The federal courts would rule that a statute would take precedent over an executive order signed by a president.
United States President Barak Obama has promised to sign an executive order to ensure that no federal funds are made available for insurance coverage for abortion by his proposed federalization of health insurance. The pro-abortion president, who in the past has expressed support for federal funding for abortion, made the promise in order to gain the necessary votes of several pro-life liberal Democrats for his proposal.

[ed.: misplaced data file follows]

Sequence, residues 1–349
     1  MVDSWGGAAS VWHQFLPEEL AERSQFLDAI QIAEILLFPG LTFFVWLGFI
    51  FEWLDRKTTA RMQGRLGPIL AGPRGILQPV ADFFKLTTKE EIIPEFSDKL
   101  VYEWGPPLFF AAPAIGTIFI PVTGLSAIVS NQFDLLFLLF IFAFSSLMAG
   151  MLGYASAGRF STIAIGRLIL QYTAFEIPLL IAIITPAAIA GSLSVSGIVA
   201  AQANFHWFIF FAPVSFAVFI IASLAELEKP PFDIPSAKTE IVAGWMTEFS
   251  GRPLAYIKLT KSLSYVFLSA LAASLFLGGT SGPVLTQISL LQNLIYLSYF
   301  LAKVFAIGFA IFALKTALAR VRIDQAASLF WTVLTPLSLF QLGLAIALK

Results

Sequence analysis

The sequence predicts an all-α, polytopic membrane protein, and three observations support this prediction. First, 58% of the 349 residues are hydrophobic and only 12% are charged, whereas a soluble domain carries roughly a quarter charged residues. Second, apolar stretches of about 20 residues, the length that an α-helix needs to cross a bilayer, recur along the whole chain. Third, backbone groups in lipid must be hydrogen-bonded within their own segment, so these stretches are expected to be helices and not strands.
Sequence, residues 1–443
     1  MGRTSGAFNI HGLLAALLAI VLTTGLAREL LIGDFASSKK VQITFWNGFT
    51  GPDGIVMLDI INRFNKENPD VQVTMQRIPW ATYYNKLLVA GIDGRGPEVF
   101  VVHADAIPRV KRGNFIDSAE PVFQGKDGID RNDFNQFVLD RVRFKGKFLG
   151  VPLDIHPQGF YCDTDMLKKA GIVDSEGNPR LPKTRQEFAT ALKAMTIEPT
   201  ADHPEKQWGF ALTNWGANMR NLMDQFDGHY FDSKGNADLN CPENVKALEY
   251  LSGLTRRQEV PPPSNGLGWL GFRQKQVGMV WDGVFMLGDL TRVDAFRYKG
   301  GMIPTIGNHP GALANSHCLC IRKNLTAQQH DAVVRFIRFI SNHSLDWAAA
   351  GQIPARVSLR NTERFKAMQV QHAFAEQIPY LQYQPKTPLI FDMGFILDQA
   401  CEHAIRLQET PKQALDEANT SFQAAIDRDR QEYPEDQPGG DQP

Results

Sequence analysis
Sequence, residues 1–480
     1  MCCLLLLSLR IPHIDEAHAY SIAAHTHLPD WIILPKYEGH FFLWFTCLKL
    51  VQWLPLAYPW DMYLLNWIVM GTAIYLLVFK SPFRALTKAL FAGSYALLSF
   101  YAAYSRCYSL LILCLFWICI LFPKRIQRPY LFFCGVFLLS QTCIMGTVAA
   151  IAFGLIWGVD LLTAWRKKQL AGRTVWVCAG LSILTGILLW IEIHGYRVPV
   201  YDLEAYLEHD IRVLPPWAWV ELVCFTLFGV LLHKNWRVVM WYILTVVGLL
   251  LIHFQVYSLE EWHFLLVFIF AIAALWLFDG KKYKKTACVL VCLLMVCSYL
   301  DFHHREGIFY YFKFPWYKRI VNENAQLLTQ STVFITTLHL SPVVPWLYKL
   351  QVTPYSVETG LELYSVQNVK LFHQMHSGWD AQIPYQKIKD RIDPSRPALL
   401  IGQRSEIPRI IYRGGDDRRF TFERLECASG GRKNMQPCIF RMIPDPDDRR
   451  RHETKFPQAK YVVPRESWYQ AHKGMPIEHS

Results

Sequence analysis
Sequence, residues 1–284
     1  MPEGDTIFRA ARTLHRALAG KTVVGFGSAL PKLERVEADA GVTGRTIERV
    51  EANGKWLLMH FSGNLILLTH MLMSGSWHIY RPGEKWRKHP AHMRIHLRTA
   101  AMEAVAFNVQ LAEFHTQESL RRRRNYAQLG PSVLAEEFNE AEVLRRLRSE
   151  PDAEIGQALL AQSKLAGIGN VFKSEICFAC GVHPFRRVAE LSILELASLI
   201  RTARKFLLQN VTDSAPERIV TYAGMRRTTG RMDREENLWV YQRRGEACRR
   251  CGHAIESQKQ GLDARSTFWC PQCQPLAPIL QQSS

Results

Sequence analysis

Not only could a successor overturn Obama's executive order with another executive order, but Obama could even overturn his own order. Regardless, his proposal that passed the U.S. Senate, upon which the U.S. House is set to vote, requires federal funds (i.e. taxpayer money) to be made available for companies that provide insurance coverage for abortion. Therefore, federal courts would rule that the law requires that the federal government not discriminate against insurance companies that provide coverage for abortion, despite any executive order, which would make Obama's promise meaningless. In conclusion, the House vote for the Senate bill that would be signed into law by the President, would be a vote to provide federal funds to companies that insure abortion, notwithstanding any executive order to the contrary.
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